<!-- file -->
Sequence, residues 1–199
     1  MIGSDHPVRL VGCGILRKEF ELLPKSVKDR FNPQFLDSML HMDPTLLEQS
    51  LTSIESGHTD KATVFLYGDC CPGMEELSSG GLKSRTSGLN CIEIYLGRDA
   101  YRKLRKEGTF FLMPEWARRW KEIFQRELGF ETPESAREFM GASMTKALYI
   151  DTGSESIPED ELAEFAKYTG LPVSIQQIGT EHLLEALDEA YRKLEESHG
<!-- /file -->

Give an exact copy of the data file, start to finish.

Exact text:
Sequence, residues 1–199
     1  MIGSDHPVRL VGCGILRKEF ELLPKSVKDR FNPQFLDSML HMDPTLLEQS
    51  LTSIESGHTD KATVFLYGDC CPGMEELSSG GLKSRTSGLN CIEIYLGRDA
   101  YRKLRKEGTF FLMPEWARRW KEIFQRELGF ETPESAREFM GASMTKALYI
   151  DTGSESIPED ELAEFAKYTG LPVSIQQIGT EHLLEALDEA YRKLEESHG